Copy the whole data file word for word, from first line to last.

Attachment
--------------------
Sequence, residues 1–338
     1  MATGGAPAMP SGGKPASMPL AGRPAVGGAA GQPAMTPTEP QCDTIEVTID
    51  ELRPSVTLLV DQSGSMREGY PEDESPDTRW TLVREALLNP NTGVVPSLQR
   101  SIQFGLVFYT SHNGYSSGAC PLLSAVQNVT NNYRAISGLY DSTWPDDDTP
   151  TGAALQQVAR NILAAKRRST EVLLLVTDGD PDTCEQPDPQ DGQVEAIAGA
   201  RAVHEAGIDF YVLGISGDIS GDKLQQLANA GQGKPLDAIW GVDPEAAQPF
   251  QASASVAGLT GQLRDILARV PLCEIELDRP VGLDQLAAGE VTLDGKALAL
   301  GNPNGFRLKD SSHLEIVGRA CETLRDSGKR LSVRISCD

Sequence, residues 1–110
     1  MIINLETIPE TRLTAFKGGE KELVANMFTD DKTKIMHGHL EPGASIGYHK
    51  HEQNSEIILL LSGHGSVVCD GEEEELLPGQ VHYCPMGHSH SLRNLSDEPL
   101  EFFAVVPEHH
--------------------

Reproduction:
Sequence, residues 1–338
     1  MATGGAPAMP SGGKPASMPL AGRPAVGGAA GQPAMTPTEP QCDTIEVTID
    51  ELRPSVTLLV DQSGSMREGY PEDESPDTRW TLVREALLNP NTGVVPSLQR
   101  SIQFGLVFYT SHNGYSSGAC PLLSAVQNVT NNYRAISGLY DSTWPDDDTP
   151  TGAALQQVAR NILAAKRRST EVLLLVTDGD PDTCEQPDPQ DGQVEAIAGA
   201  RAVHEAGIDF YVLGISGDIS GDKLQQLANA GQGKPLDAIW GVDPEAAQPF
   251  QASASVAGLT GQLRDILARV PLCEIELDRP VGLDQLAAGE VTLDGKALAL
   301  GNPNGFRLKD SSHLEIVGRA CETLRDSGKR LSVRISCD

Sequence, residues 1–110
     1  MIINLETIPE TRLTAFKGGE KELVANMFTD DKTKIMHGHL EPGASIGYHK
    51  HEQNSEIILL LSGHGSVVCD GEEEELLPGQ VHYCPMGHSH SLRNLSDEPL
   101  EFFAVVPEHH